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Articles Environmental Law 11th Sep 2015

Applying the July 2014 Environmental Offences Definitive Guideline – Warning to Commercial Organisations

R v Thames Water Utilities Ltd [2015]: Applying the July 2014 Environmental Offences Definitive Guideline – Warning to Commercial Organisations

The tough July 2014 environmental sentencing guidelines and the even tougher approach adopted by the courts when applying the guidelines in the case of R v Thames Water Utilities Ltd [2015] EWCA Crim 960 sends a powerful message both to organisations (in particular, very large commercial organisations) and to individuals that environmental regulatory compliance will not be dealt with leniently by the courts. Environmental breaches may now result in extremely significant penalties, far exceeding fines previously imposed.

R v Thames Water is the first case where the court applied the July 2014 environmental sentencing guidelines when deciding upon the appropriate fine to impose upon a company for an environmental permitting offence. It offers an insight into the new tougher judicial approach against organisations who are not taking their legal obligations to protect the environment seriously.

Environmental

Offences Definitive Guideline, July 2014

The Sentencing Council’s “Environmental Offences Definitive Guideline” (the Sentencing Guideline) is now in force and applies to all sentences given to both organisations and individuals on or after 1 July 2014. The Sentencing Guideline introduces a 12-step framework for the courts to follow when deciding upon sentences for environmental crime (such as offences under the Environmental Permitting (England and Wales) Regulations 2010) with the aim of harmonising existing approaches and achieving greater consistency. The Sentencing Guideline is to be followed by the courts in all relevant cases unless it would be contrary to the interests of justice to do so.

The Sentencing Guideline provides “starting points” for the calculation of fines based on the degree of culpability of the defendant (ie whether the offence was committed deliberately, recklessly, negligently or whether there was low or no culpability), the category of harm caused by the offence (offences are split into Category 1-4 based on harm) and the size of the offending organisation (organisations are split into micro, small, medium and large based on turnover). In the case of “very large” organisations (ie where a company’s turnover greatly exceeds the £50 million+ threshold for “large” organisations) the Guideline states that “it may be necessary to move outside of the suggested range to achieve a proportionate sentence”.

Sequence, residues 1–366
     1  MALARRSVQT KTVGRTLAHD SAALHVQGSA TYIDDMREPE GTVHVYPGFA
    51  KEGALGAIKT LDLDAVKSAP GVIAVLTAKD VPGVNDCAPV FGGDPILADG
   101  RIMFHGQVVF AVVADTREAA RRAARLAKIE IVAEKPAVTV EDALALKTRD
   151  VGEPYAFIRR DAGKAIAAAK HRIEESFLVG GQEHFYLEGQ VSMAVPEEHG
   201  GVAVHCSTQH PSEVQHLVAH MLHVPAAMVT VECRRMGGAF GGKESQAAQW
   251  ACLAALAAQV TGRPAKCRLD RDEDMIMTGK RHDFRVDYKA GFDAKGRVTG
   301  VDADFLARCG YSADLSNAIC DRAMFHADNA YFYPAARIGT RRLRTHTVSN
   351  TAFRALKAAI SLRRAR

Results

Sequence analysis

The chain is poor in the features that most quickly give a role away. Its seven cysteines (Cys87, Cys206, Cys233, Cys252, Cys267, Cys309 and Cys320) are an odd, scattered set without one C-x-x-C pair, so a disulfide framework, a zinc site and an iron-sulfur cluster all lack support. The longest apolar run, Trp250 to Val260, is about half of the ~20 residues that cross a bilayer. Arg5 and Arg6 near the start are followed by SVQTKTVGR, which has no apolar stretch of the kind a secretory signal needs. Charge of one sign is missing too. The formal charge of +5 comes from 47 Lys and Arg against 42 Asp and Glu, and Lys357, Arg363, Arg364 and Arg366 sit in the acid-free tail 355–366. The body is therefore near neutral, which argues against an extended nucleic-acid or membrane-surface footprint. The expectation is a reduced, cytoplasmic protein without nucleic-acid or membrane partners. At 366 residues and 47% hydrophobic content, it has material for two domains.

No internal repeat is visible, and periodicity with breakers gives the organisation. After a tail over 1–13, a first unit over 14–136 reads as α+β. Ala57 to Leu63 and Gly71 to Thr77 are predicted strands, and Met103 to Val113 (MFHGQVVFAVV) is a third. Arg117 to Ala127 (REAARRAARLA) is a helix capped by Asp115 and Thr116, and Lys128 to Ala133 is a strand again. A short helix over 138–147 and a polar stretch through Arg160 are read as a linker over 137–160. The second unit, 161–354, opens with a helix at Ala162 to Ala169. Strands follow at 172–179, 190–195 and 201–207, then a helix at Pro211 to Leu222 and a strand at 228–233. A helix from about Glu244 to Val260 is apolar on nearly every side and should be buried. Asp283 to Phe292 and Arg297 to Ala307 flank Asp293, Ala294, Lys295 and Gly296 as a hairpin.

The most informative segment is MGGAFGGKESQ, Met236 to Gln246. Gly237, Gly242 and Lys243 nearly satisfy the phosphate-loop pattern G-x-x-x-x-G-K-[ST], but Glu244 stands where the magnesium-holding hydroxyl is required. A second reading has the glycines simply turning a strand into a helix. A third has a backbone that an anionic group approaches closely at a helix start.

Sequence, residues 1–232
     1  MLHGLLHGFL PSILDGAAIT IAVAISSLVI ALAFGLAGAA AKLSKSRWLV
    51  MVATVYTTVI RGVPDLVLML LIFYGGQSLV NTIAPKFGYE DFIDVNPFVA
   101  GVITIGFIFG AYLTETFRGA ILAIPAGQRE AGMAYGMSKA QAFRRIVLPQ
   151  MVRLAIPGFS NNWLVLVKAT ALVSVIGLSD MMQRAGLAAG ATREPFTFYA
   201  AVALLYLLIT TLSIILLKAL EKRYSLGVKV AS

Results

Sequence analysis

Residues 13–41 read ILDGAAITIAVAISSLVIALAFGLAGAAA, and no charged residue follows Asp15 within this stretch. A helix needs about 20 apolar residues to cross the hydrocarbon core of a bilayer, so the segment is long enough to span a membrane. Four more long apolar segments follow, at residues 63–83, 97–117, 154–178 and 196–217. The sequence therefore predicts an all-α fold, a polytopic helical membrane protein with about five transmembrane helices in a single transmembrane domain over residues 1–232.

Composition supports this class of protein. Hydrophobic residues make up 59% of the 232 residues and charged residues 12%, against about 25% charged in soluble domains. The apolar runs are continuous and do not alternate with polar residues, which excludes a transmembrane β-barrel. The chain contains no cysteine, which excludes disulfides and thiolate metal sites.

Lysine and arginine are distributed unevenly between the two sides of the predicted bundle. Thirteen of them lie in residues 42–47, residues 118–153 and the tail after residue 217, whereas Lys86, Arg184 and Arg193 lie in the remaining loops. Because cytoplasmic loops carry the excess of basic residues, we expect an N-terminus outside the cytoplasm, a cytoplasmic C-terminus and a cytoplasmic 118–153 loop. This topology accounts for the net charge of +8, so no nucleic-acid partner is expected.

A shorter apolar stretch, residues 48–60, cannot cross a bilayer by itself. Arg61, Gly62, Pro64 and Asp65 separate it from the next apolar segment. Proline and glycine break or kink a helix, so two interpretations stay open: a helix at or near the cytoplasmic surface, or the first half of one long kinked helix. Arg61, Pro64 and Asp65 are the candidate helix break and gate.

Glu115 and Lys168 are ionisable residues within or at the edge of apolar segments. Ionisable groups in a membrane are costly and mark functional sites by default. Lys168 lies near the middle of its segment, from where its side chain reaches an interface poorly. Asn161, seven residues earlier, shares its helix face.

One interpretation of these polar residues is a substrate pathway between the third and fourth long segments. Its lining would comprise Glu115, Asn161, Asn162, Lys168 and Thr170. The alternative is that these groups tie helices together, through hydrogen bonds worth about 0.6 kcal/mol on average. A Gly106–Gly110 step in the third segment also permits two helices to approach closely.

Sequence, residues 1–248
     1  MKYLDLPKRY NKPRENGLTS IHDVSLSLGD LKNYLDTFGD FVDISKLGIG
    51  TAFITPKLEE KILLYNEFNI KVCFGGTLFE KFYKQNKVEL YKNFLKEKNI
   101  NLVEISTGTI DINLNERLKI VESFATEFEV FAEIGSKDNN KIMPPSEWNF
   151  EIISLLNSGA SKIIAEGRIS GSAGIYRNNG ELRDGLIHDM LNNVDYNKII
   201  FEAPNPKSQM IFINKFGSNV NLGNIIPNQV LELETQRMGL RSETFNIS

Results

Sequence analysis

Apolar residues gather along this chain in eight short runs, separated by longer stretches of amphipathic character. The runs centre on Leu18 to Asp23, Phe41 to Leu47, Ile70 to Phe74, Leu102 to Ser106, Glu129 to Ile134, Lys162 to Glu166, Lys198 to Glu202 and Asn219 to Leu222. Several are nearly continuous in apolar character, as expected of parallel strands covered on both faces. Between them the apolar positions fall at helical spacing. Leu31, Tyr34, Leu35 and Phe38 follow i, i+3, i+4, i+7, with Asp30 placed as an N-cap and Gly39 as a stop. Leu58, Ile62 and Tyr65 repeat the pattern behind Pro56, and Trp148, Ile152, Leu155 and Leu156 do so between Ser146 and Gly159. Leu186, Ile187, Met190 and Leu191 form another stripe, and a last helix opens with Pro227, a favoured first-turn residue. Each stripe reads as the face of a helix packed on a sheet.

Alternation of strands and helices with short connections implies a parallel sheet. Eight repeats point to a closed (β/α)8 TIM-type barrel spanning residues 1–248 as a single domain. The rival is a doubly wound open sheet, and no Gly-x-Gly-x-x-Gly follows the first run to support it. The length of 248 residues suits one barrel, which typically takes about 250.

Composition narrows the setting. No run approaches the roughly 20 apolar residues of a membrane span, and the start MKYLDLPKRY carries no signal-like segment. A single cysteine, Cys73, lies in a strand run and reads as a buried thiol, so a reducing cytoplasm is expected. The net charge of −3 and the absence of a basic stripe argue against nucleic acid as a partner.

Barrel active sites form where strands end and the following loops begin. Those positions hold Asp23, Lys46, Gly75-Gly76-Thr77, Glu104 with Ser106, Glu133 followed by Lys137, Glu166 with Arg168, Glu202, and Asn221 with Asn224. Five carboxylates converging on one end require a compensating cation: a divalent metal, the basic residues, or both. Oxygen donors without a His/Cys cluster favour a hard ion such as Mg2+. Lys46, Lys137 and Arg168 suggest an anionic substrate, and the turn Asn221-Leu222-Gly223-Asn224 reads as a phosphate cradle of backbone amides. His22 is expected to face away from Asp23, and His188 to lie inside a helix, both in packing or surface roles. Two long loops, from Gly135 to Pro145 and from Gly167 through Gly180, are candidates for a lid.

Once the court has arrived at a starting point and an appropriate range for a fine, the courts may then reduce or increase the fine with reference to various aggravating and mitigating features in order to achieve a sentence which fairly meets the objectives of “punishment, deterrence and removal of gain derived from the commission of the offence”. The Sentencing Guideline makes clear that features such as the defendant receiving economic benefit from the offence or having relevant previous convictions are likely to increase a fine.

On the other hand, the defendant providing assistance to the prosecution and making a guilty plea may potentially reduce the fine imposed. Public or charitable bodies are also more likely to have their fine reduced compared with private organisations.

Central to the new approach established in the Sentencing Guideline is that a fine imposed must be proportionate to the defendant’s financial means and their ability to pay the fine. Indeed, it is stated in the Sentencing Guideline that a fine imposed on an organisation must be “sufficiently substantial to have a real economic impact which will bring home to both management and shareholders the need to improve regulatory compliance”. The Guideline envisages that, in very serious cases, putting the offender out of business may be an “acceptable consequence”.

R v Thames Water Utilities Ltd [2015] EWC Crim 960

The facts of R v Thames Water are that two pumps at one of Thames Water’s pumping stations failed due to becoming clogged with discarded items.

This meant that between 29 August 2012 and 4 September 2012, untreated sewage, rather than being pumped to the downstream pumping station, was discharged directly into a brook which flows through National Trust land in an Area of Outstanding Natural Beauty. The company failed to respond to various alarms warning them of a pump failure. The escaped sewage only came to light after a report was made to the National Trust by a member of the public. A significant clean-up operation was needed.